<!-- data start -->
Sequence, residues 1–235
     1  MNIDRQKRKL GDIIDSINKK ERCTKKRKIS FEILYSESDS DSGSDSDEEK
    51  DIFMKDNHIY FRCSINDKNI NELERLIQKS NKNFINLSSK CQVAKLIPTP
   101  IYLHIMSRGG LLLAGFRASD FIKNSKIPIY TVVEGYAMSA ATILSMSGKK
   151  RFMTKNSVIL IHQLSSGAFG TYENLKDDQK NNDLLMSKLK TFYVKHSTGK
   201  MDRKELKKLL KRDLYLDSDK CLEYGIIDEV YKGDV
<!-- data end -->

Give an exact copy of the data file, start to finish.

Sequence, residues 1–235
     1  MNIDRQKRKL GDIIDSINKK ERCTKKRKIS FEILYSESDS DSGSDSDEEK
    51  DIFMKDNHIY FRCSINDKNI NELERLIQKS NKNFINLSSK CQVAKLIPTP
   101  IYLHIMSRGG LLLAGFRASD FIKNSKIPIY TVVEGYAMSA ATILSMSGKK
   151  RFMTKNSVIL IHQLSSGAFG TYENLKDDQK NNDLLMSKLK TFYVKHSTGK
   201  MDRKELKKLL KRDLYLDSDK CLEYGIIDEV YKGDV